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The Queen (play)

The Queen (play)

The Queen, or The Excellency of Her Sex is a Caroline era tragicomedy. Though published anonymously in 1653, The play is now generally attributed to John Ford — making it a significant addition to the very limited canon of Ford's works.

The date and circumstances of the play's authorship and performance are unknown, though scholars can draw some inferences from the little factual information available. The first quarto edition of 1653 was published by the actor-turned-bookseller Alexander Gough. Gough had earlier been a member of the King's Men, and had been part of the cast of that company's production of Ford's The Lover's Melancholy in late 1628 or 1629. This suggests that The Queen may also have been acted by the King's Men. Since Ford is thought to have written for the King's Men only early in his career — just two of his earlier plays were acted by the company — The Queen may be another early work.

The play's internal evidence of style and textual preferences points to Ford; it shows, among other particulars, the pattern of unusual contractions (t'ee for "to ye," d'ee for "do ye," y'are for "you are") that typifies Ford's work. Furthermore, "the work's incidence of rhymes and double and triple endings relative to that of Ford's other plays" also favors an early date in Ford's career, which makes sense in terms of the King's Men connection. The assignment of the play to Ford, first made by the German scholar Willy Bang in 1906, is widely accepted.

The quarto features Gough's dedication of the play to Catherine Mohun, the wife of Lord Warwick Mohun, Baron of Okehampton; and three sets of prefatory verses.

Synopsis

Like The Lover's Melancholy, The Queen shows a strong influence from Robert Burton's The Anatomy of Melancholy. Alphonso, the play's protagonist, is a defeated rebel against Aragon; he has been condemned to death and is about to be executed. The Queen of Aragon (otherwise unnamed) intercedes at the last moment, and learns that Alphonso's rebellion is rooted in his pathological misogyny; the prospect of being ruled by a woman was too much for him to bear. The Queen is struck with love at first sight; she is, in her way, just as irrational as Alphonso is in his. The Queen pardons Alphonso and marries him. Alphonso requests a seven-day separation, to enable him to set aside his feelings against women; and the Queen grants his request. The week extends to a month, and the new king still avoids his queen; the intercession of her counsellors, and even her own personal appeal, make no difference. In a bitter confrontation, Alphonso tells the Queen, "I hate thy sex; of all thy sex, thee worst."

One man, however, sees a solution to the problem. The psychologically sophisticated Muretto half-counsels, half-manipulates Alphonso into a more positive disposition toward the Queen. Muretto praises the Queen's beauty to Alphonso, and simultaneously arouses his jealousy by suggesting that she is sexually active outside her marriage. Muretto functions rather like a modern therapist to treat Alphonso's psychological imbalance. The psychological manipulation works, in the sense that Alphonso begins to value the Queen only after he thinks he has lost her to another man.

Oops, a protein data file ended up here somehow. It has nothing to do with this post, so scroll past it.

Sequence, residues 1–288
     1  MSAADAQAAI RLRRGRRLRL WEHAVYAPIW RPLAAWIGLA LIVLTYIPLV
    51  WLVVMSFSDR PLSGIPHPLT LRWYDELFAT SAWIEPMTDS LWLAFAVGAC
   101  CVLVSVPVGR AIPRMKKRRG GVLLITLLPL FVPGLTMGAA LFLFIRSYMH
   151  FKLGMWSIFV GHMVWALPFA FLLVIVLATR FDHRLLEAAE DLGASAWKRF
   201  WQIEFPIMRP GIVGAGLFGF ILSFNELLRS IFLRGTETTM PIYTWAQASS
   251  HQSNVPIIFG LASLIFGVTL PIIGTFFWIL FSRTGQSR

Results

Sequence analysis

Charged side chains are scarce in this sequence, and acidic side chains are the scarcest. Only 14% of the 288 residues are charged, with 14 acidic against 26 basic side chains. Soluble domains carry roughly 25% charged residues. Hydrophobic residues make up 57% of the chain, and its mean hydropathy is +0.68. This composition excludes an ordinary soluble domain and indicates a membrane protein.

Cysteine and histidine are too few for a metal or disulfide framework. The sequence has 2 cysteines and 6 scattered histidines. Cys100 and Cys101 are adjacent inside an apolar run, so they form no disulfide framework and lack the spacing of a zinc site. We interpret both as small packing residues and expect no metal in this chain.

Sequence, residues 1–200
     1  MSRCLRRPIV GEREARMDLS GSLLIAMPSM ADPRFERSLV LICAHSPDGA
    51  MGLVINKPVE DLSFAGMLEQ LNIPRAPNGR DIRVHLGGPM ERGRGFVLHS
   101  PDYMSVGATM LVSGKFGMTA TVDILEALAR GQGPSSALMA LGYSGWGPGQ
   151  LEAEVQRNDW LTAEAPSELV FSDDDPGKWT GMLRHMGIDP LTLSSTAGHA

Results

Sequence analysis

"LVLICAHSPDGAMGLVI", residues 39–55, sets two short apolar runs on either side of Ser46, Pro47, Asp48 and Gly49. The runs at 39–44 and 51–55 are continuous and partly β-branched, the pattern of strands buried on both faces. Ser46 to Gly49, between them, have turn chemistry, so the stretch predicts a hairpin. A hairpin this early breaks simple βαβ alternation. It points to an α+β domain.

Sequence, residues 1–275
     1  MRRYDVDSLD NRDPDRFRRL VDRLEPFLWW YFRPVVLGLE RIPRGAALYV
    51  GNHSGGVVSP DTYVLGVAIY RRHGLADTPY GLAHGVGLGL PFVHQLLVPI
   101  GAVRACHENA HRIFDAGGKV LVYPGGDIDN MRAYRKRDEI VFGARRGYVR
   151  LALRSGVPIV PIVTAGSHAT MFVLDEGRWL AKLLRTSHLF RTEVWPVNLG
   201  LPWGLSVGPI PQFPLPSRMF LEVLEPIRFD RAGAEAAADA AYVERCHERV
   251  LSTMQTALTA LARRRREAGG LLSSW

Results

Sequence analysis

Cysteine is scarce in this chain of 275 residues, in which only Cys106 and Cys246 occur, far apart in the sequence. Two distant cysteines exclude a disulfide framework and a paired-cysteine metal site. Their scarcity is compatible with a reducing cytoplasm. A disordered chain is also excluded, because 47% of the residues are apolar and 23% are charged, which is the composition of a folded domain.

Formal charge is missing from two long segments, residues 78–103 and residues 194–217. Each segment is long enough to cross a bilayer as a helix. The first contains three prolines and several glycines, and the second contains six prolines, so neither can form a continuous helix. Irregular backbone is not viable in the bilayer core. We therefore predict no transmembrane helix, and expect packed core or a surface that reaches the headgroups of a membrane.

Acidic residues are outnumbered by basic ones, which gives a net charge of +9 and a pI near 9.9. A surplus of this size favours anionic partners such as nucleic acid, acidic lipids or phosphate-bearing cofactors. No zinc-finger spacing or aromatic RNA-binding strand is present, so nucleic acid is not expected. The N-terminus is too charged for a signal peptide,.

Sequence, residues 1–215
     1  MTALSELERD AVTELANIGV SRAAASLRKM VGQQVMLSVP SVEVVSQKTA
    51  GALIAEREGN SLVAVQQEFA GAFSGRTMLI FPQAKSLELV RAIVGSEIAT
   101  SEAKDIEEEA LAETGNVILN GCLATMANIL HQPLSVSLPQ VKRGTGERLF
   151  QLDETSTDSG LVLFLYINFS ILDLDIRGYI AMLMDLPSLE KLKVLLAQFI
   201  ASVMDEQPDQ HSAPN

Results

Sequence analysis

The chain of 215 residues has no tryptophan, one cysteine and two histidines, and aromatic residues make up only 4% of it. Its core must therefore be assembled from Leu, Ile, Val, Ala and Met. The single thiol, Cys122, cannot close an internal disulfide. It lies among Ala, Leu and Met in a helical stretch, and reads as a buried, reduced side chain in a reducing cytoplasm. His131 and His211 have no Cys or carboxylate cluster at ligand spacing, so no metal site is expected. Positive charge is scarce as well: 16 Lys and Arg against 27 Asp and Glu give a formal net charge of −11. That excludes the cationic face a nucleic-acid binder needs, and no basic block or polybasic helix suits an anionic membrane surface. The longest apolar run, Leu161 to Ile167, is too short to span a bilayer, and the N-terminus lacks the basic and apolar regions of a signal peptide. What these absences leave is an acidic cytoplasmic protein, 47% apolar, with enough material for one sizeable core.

Yet with two such passionate individuals, the reconciliation cannot come easily. Alphonso condemns the Queen to death; she can be reprieved only if a champion comes forth to defend her honor by meeting the king in single combat. The Queen, however, is determined to bow to her husband's will no matter the price, and demands that all her followers swear they will not step forward in her cause.

The play's secondary plot deals with the love affair of the Queen's general Velasco, the valiant soldier who defeated Alphonso, and the widow Salassa. Velasco has the opposite problem from Alphonso: he idealizes his love for Salassa, terming her "the deity I adore;" he allows her to dominate their relationship. (Velasco's friend and admirer Lodovico has a low opinion of Salassa, calling her a "frail commodity," a "paraquetto," a "wagtail.") Salassa indulges in her power over Velasco by asking him to give up all combat and conflict, or even wearing a sword and defending his reputation, for a period of two years. When he agrees, Velasco finds that he quickly loses his self-respect and the regard of others. He regains those qualities only when he steps forward as the Queen's champion, ready to meet the king on the field of honor.

Before the duel can take place, however, the assembled courtiers protest the proceeding, and Muretto steps forward to explain his role in manipulating Alphonso's mind. Finally, Alphonso is convinced of the Queen's innocence, and repents his past harshness; their rocky relationship reachs a new tolerance and understanding. A humbled Salassa also resolves to give up her vain and selfiish ways to be a fit wife for Velasco.

The play's comic relief is supplied by a group of minor characters — two quarrelling followers of Alphonso, the astrologer Pynto and a bluff captain named Bufo; plus Velasco's servant Mopas and the matchmaker/bawd Madame Shaparoon.

The Velasco/Salassa subplot derives from Novel 13 in the Histoires Tragiques of François de Belleforest.

Notes

References

  • Logan, Terence P., and Denzell S. Smith, eds. The Later Jacobean and Caroline Dramatists: A Survey and Bibliogrpahy of Recent Studies in English Renaissance Drama. Lincoln, NE, University of Nebraska Press, 1978.
  • Stavig, Mark. John Ford and the Traditional Moral Order. Madison, WI, University of Wisconsin Press, 1968.
  • Sykes, H. Dugdale. Sidelights on Elizabethan Drama. London, Oxford University Press, 1924.

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